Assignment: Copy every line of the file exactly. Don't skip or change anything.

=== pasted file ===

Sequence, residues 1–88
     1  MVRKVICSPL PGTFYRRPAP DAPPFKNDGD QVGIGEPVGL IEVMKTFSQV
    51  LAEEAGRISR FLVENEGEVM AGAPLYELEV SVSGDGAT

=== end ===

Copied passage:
Sequence, residues 1–88
     1  MVRKVICSPL PGTFYRRPAP DAPPFKNDGD QVGIGEPVGL IEVMKTFSQV
    51  LAEEAGRISR FLVENEGEVM AGAPLYELEV SVSGDGAT